05 Jul 2020
Visit Britain and Department for Digital Media and Sports update for Visit Somerset members and the Industry.
Scotland situation update and further re-opening and easing of restrictions
First Minister Nicola Sturgeon gave a statement on Thursday 2 July including an update on the outbreak in Annan and Gretna and an outline of changes to guidelines which will come into force over the weekend 4-5 July.
· Due to the outbreak of the virus in Annan and Gretna. The advice and guidance to people in the areas of Annan, Gretna, Dumfries, Lockerbie, Langholm and Canonbie is to continue to follow the five-mile travel restriction over the weekend until the testing and contact tracing process has been completed and the government are able to assess if the outbreak has indeed been contained. Particular postcodes will be published that this guidance applies to on social media later. A further update will be provided on Monday.
· Outdoor hospitality, such as pavement cafes and beer gardens, can re-open from Monday 6 July. And although tourism will not open fully until 15 July, self-contained holiday accommodation – for example holiday cottages, lodges or caravans with no shared facilities - can reopen from tomorrow, 3 July.
· From 3 July the Scottish government will lift the guidance advising people to travel no more than five miles for leisure purposes (see exception above).
· Advice will be published on 2 July on physical distancing that the Government has received from their scientific advisory group. This advice makes clear that the science on physical distancing has not changed. As the distance between people decreases, the risk of transmitting COVID-19 increases. We will allow exemptions for specific sectors where agreed mitigations must be put in place.
· The expected start of phase 3 will be 10 July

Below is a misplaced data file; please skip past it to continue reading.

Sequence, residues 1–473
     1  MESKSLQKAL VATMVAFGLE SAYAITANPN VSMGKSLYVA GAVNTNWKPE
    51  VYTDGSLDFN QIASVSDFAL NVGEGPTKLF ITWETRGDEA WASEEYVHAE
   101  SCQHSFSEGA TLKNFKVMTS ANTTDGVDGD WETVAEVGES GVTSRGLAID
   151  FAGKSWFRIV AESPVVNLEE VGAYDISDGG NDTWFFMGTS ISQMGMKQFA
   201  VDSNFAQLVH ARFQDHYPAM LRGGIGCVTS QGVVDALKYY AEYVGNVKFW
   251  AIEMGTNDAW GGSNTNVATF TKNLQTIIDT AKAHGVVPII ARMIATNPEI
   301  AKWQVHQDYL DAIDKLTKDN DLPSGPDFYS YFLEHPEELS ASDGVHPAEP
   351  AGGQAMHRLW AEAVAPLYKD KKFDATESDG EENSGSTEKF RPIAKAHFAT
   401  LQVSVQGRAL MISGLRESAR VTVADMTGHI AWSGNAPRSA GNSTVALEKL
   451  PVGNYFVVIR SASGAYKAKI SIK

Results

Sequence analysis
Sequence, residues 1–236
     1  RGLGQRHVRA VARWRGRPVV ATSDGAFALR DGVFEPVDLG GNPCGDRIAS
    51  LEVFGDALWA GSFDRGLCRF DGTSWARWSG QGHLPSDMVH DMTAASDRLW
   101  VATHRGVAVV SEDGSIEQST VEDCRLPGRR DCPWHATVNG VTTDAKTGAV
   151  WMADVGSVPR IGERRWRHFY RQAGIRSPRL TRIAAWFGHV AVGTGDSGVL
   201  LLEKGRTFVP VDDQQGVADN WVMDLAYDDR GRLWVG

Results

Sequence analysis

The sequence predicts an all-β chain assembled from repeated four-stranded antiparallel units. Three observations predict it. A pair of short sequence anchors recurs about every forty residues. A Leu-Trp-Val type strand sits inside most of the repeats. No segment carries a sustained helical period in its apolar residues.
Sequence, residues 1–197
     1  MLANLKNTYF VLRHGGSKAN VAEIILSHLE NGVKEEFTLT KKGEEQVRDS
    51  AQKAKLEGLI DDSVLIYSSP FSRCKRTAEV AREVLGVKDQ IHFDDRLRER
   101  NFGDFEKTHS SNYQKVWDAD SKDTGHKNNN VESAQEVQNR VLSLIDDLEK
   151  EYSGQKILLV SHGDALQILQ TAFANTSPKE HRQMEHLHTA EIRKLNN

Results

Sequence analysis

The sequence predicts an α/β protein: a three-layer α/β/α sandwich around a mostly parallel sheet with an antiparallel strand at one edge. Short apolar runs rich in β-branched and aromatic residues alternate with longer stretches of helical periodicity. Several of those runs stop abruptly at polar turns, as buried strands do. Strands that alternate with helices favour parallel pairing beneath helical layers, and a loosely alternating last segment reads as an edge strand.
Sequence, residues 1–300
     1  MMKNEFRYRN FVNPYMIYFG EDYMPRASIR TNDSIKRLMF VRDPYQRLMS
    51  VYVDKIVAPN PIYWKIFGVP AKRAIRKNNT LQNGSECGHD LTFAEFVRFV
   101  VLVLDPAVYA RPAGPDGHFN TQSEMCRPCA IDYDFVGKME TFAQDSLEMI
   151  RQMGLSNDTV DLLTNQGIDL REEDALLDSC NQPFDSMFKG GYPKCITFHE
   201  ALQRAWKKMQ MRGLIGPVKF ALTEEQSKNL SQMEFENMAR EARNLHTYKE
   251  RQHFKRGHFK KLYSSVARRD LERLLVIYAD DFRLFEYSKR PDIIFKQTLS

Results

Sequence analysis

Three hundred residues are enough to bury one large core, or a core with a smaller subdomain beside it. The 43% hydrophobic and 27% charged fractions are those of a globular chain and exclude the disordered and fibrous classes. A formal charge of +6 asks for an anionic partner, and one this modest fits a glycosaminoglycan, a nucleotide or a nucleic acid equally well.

· Wearing face coverings will be mandatory in shops.
Timetable for phased reopening of tourism sector in Wales
International Relations Minister Eluned Morgan today said:
· Wales’ hospitality sector will prepare to re-open outdoors from 13 July
· The first phase of a planned reopening includes bars, restaurants and cafes with outdoor spaces
· If the requirement to stay local is lifted in Wales on 6 July, outdoor visitor attractions will also be able to reopen from Monday.
· This is all subject to the next review of the coronavirus regulations on 9 July when the final decision will be made about outdoor re-opening. It will depend on whether rates of coronavirus are continuing to fall.
· Subject to the review, the Minister confirmed the date that owners of self-contained accommodation can accept bookings is being brought forward to 11 July from 13 July, to help with the pattern of Saturday-to-Saturday bookings.
· Future decisions about indoor re-opening will be made later and will depend on the success of the first phase of outdoor opening.
Other Government updates
· New examples for how a business could be adversely affected by coronavirus have been added to the Self-Employment Income Support Scheme claim page.
· Funding allocations are available to view for emergency active travel schemes for local authorities in the region of the United Kingdom due to the COVID-19 pandemic.